Mick Herron. Slow Horses. UK: Constable & Robinson Ltd, 2010.
Make no mistake about the laugh-out-loud elements of Herron's style and unique cast of characters; the Slough House novels are thrillers through and through. Slow Horses is the first in the series which I've been reading out of order (see also LL154 and LL156). Jackson Lamb's pack of restless misfits are the outcasts of MI5 (aka Regent's Park aka "Five"); internal rivalry and deception among the bosses at Five are as intense as their mandate to keep England safe from terrorists. River Cartwright, Roderick Ho, Louisa Guy, and Catherine Standish are some of the constants in the flux of slow horses. A small gang of ruthless racists have taken hostage a young Moslem, threatening to decapitate him on the internet.
By rights it's a matter for MI5 to handle, but Slough House is unwittingly dragged into it. Madly off in all directions comes to mind, but as individuals they somehow coalesce against the kidnappers and MI5's spiteful blame game. Old hands at the game like Five's Second Desk Diana Taverner always have a backup sacrificial goat. Hobden the right-wing journalist holds clues to inside information; Hassan the hostage surprises himself. There are a couple of breathless episodes in the middle of the story, let alone Lamb's final upper hand twist. Herron is word perfect ... every observation, every conversation, every turn of phrase is spot on; his structure of the story is apparently effortlessly consummate. Oh please let this series go on forever!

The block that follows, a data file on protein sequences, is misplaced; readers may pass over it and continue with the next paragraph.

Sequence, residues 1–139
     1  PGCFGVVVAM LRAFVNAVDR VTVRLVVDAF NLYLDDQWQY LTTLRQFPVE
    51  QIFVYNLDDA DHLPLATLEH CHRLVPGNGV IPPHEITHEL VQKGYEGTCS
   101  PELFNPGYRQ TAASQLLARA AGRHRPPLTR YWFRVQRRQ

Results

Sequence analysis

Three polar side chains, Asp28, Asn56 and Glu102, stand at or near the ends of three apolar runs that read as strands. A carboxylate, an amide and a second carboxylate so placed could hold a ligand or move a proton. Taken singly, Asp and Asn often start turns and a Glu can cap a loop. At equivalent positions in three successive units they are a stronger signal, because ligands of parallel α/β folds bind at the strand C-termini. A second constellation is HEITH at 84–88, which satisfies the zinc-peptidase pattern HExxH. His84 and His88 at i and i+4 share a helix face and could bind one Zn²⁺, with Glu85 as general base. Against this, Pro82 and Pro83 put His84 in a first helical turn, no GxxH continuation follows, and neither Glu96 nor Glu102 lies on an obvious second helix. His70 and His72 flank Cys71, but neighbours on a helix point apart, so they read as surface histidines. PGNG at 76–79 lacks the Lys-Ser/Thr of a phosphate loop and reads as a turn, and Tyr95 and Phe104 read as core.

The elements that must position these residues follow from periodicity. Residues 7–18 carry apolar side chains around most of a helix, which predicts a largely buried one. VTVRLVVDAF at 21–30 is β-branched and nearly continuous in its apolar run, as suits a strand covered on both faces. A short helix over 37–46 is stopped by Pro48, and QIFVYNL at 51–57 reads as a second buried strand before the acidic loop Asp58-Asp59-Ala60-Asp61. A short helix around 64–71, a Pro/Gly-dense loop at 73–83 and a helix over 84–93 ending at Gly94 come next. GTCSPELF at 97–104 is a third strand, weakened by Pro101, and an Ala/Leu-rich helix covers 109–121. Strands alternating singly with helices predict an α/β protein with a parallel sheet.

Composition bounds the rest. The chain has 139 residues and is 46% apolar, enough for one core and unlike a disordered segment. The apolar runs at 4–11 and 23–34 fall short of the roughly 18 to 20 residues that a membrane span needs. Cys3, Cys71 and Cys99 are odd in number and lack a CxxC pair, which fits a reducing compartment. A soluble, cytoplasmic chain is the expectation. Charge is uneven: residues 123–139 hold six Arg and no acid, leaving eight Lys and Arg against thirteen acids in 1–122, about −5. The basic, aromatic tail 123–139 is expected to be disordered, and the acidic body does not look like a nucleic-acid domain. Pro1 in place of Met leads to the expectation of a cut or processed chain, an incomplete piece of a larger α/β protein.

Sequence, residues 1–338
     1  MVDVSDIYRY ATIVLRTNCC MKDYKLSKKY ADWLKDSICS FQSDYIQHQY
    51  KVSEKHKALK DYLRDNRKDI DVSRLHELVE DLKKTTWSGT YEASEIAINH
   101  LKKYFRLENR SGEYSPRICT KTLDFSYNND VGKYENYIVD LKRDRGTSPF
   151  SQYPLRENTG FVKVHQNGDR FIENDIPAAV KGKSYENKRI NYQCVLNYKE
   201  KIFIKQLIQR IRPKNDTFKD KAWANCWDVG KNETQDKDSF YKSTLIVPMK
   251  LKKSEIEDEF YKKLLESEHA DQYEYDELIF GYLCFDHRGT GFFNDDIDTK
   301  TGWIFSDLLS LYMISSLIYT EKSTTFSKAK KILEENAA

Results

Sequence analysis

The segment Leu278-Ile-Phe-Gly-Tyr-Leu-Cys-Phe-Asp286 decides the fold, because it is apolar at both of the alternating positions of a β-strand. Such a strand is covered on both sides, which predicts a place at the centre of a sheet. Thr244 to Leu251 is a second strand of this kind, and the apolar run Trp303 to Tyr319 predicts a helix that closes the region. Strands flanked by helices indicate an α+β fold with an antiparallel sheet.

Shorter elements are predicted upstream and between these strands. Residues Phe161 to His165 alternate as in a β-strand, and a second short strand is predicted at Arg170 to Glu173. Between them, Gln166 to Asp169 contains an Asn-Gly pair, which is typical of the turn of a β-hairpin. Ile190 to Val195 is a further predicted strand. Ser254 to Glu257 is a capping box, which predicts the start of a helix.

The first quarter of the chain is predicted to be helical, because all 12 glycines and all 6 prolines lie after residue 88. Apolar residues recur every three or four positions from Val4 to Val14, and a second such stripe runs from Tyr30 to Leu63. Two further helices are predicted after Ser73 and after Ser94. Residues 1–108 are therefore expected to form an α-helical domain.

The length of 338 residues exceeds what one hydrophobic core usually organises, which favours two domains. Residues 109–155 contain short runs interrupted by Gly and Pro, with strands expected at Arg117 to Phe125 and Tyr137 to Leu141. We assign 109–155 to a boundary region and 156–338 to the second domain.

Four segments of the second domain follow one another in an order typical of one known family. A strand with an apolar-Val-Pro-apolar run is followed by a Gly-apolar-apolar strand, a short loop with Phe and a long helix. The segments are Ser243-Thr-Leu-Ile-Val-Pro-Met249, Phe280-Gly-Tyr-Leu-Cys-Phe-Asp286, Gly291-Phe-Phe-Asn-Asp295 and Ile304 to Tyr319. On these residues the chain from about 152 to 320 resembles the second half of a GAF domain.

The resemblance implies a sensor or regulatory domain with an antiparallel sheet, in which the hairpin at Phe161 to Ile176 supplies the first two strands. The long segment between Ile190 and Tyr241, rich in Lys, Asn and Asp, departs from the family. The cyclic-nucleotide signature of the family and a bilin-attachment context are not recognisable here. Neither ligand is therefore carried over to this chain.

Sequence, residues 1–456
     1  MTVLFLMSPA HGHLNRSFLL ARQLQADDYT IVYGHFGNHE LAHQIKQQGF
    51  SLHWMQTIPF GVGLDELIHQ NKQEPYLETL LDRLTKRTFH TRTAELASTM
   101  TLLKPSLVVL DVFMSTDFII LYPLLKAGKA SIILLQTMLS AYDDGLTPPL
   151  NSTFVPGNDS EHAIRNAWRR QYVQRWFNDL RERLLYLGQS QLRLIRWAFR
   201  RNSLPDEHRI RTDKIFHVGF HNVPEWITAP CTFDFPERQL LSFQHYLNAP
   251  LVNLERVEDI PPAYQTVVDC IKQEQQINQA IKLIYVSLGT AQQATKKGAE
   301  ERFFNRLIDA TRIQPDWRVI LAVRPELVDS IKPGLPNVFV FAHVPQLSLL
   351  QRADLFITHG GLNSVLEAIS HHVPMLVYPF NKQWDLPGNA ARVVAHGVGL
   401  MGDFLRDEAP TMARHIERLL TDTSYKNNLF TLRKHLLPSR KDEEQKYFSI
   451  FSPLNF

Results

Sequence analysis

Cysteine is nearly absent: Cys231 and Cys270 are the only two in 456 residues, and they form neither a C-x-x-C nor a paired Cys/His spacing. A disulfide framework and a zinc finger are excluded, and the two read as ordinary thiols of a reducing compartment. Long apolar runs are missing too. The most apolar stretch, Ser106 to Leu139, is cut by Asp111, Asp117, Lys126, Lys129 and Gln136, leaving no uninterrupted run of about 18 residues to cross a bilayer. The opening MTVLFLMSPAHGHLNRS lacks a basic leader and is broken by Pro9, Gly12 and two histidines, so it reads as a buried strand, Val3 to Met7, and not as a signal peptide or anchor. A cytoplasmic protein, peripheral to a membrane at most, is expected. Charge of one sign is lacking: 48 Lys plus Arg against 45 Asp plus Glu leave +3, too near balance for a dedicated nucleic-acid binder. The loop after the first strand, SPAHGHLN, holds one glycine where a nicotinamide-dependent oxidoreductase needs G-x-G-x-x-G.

Tradecraft terms: a joe is a field agent; the achievers are the MI5 swat team; the Dogs are MI5 internal snoops; there are London rules and Moscow rules; Second Desk is second in command at MI5.
He resembled, someone had once remarked, Timothy Spall gone to seed, which left open the question of what Timothy Spall not gone to seed might look like, but painted an accurate picture nevertheless. (33)
For the next moments he was entirely inside his own head, and it was the scariest place he'd been. (81)
His fingers felt like thumbs, his thumbs like bananas. (174)
"Ho has the people skills of a natterjack toad, but he knows his way round the ether." (177)
"At my age you're either alone or dead. Either way, you get used to it." (83)
"Can I help you?"
"I'm supposed to be working? On this assignment?"
He hated that upward inflection. How did the young let each other know when an answer was required? (28)
Discussion prompted by River: